Maine Organic Farmers and Gardeners Association
Laura Sieger. Photo by Kip Sieger
Laura Sieger. Photo by Kip Sieger
A top grafted tree
A top grafted tree
 

February 2020

The worst of winter may be over, and the busiest of the gardening season has yet to begin. What to do during this in-between time? Tend to your orchard, perhaps. We asked two orchard experts from the Maine Organic Farmers and Gardeners Association (MOFGA) staff what they're up to now.
 
Laura Sieger was a longtime volunteer for MOFGA and then an intern in MOFGA's Maine Heritage Orchard. Now she is MOFGA's orchard coordinator, overseeing care of the fruit trees on MOFGA's grounds – including in our Maine Heritage Orchard (MEHO). She says that in late February and throughout March, she'll finish pruning in the MEHO and in the orchards on the fairgrounds; she'll collect scionwood from various orchards and old trees in the state; and she'll work with Fedco Trees to distribute scionwood.
 
In early March Sieger will spend a couple of days in Western Massachusetts at the annual Berkshire Roundtable orchardists' meeting. Then she'll teach pruning, grafting and fruit tree renovating classes in Waldo and Penobscot counties with other orchardists from the area.
 
In between outdoor work activities, she continues to update the MEHO website (maineheritageorchard.org) with more information about apple and pear varieties grown on MOFGA's grounds.
 
Also, "stay tuned for changes to MOFGA's south orchard," she says, "as we begin to transform the alley crop orchard into an edible landscape/food forest." Jack Kertesz, MOFGA's landscape coordinator, is working on a design to include many unusual woody and herbaceous plants for this area.
 
C.J. Walke was MOFGA's organic orchard educator for many years and recently transitioned to becoming our agricultural specialist for Downeast Maine. He also works for College of the Atlantic, where, among his many agricultural duties, he tends numerous fruit trees. His orcharding work for the next few weeks will include snowshoeing (he hopes) around his nursery rows to compact snow and prevent voles from tunneling toward his nursery stock; pruning apple trees; gathering scionwood for grafting workshops in April; and removing browntail moth caterpillars nests from atop an old 75-foot pear tree using a telescoping pruner and a ladder.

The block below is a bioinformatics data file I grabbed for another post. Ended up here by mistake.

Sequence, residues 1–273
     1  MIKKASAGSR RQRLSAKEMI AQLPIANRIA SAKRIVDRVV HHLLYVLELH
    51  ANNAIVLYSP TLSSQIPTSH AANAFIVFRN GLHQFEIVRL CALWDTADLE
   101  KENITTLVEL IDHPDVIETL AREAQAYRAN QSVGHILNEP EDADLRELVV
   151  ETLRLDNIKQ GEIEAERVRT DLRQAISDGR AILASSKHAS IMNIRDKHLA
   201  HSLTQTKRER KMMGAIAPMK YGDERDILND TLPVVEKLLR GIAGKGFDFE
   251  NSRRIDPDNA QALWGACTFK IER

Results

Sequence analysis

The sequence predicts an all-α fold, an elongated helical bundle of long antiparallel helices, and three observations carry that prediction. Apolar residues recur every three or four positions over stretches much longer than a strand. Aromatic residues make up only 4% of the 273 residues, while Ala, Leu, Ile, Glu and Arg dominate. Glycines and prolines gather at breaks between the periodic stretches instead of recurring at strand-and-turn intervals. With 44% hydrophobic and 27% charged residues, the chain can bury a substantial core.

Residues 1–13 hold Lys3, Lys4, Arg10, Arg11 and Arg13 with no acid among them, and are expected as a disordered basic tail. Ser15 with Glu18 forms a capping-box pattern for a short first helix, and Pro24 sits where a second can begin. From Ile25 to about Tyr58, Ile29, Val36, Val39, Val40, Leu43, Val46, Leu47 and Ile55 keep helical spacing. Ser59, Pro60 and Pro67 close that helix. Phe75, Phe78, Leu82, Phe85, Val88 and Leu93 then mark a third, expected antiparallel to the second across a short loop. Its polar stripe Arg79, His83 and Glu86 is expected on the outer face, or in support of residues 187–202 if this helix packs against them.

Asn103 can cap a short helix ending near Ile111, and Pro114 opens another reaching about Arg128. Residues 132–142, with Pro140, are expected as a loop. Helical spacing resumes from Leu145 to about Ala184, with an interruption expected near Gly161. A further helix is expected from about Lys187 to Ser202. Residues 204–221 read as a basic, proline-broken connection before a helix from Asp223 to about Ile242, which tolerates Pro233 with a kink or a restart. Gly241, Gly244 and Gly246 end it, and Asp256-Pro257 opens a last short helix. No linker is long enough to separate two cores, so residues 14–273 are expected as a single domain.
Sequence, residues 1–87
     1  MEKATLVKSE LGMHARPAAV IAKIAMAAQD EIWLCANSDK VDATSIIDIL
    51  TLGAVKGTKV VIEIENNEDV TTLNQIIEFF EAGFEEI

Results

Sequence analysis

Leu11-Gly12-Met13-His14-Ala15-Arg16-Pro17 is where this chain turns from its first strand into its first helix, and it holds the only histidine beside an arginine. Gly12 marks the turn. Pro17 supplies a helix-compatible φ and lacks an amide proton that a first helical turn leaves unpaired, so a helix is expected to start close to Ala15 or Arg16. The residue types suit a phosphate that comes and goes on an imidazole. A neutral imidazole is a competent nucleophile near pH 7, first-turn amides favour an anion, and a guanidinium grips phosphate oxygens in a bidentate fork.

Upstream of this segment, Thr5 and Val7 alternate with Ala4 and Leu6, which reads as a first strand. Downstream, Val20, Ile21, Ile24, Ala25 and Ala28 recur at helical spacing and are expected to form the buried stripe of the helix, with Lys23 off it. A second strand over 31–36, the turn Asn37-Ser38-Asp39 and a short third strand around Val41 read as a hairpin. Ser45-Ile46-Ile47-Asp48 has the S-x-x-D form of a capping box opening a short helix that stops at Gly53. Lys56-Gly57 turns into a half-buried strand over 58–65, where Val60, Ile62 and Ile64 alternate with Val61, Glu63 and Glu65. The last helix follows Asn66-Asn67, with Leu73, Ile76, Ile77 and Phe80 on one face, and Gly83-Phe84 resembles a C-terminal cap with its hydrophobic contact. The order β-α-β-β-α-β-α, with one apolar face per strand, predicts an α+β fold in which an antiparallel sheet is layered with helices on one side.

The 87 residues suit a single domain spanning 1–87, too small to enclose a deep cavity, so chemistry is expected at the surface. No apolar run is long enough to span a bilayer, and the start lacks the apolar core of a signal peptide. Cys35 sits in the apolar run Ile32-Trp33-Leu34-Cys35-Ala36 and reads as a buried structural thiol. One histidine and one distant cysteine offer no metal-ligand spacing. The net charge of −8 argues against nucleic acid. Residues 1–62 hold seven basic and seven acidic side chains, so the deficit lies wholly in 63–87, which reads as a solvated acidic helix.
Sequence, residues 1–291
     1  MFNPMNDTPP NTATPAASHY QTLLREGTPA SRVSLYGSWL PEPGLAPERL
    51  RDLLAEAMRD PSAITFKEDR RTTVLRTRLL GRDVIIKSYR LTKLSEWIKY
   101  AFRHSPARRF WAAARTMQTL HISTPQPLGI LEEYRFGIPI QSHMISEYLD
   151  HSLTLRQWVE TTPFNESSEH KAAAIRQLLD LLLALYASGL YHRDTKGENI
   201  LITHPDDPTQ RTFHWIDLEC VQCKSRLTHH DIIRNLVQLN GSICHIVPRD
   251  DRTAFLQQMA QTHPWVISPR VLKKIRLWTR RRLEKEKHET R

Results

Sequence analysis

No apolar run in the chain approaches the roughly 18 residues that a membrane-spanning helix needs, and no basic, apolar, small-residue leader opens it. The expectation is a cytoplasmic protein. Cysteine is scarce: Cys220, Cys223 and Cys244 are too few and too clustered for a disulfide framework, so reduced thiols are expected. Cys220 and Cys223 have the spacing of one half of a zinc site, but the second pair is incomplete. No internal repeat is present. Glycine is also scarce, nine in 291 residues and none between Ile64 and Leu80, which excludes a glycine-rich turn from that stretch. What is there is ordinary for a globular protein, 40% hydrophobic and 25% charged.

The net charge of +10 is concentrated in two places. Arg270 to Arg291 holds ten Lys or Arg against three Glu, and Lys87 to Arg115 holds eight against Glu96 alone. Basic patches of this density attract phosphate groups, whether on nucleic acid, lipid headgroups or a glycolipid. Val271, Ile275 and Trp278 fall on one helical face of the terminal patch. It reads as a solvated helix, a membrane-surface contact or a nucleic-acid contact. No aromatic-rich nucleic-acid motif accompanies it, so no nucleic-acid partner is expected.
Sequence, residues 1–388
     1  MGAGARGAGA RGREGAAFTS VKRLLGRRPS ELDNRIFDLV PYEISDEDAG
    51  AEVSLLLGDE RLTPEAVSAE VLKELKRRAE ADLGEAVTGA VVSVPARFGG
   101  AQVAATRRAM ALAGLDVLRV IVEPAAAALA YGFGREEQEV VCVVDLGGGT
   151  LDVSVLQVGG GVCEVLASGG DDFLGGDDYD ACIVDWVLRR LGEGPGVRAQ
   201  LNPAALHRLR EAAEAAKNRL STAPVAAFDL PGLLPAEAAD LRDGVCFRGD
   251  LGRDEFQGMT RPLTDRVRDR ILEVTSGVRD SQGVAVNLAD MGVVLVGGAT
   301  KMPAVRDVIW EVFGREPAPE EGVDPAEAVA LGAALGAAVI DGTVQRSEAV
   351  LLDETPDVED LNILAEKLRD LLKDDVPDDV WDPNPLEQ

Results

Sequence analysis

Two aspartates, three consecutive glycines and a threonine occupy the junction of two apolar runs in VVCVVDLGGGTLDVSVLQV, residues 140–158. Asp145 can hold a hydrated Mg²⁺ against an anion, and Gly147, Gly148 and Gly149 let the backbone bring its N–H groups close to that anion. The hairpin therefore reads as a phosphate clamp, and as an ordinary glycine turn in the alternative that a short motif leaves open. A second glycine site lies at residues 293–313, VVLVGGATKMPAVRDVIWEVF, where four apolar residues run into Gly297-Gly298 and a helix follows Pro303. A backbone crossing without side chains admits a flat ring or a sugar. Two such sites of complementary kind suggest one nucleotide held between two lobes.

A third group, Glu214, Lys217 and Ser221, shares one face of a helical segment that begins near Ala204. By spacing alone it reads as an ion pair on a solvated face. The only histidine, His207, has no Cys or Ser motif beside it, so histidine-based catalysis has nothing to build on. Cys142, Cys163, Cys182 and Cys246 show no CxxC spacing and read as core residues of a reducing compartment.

Looking beyond spring, organic orchardists can follow Walke's "Apple Orchard Activity Calendar for the Northeast" to learn when to plant new trees, when to remove tent caterpillars, when to hang sticky red spheres to trap apple maggot flies, and dozens of other organic orchard maintenance tips.
 
For hands-on learning, MOFGA offers a series or organic orcharding workshops. The first, on pruning apple trees, will be held on Saturday, March 7, from 10 a.m. to 3 p.m. in Bar Harbor, Palmyra, Unity and Saco. Register here.
 
Subsequent organic orcharding workshops run from March through August and include Bringing Back an Old Orchard, Bench Grafting Fruit Trees, Organic Orcharding 101, Top Working Fruit Trees, Pests and Diseases in the Summer Orchard, and Growing Nursery Stock and Bud Grafting. Details are posted here.
 
And MOFGA's popular and free Seed Swap and Scion Exchange, held in conjunction with Fedco Trees and the Maine Tree Crop Alliance, is on Sunday, March 29, from 10 a.m. to 3 p.m., at the Common Ground Education Center in Unity. Gardeners and orchardists enthusiastically participate in educational workshops during the exchange, and they bring seeds, scionwood and cuttings to share, if they have them.
 
This in-between season offers no shortage of opportunities to get gardeners outside, working on their fruit trees and interacting with other fruit enthusiasts. And then, "come see us in the orchards this year!" says Sieger.

Apples

This article is provided by the Maine Organic Farmers and Gardeners Association (MOFGA), PO Box 170, Unity, ME 04988; 207-568-4142; [email protected]; www.mofga.org.

Joining MOFGA helps support and promote organic farming and gardening in Maine and helps Maine consumers enjoy more healthful, Maine-grown food.

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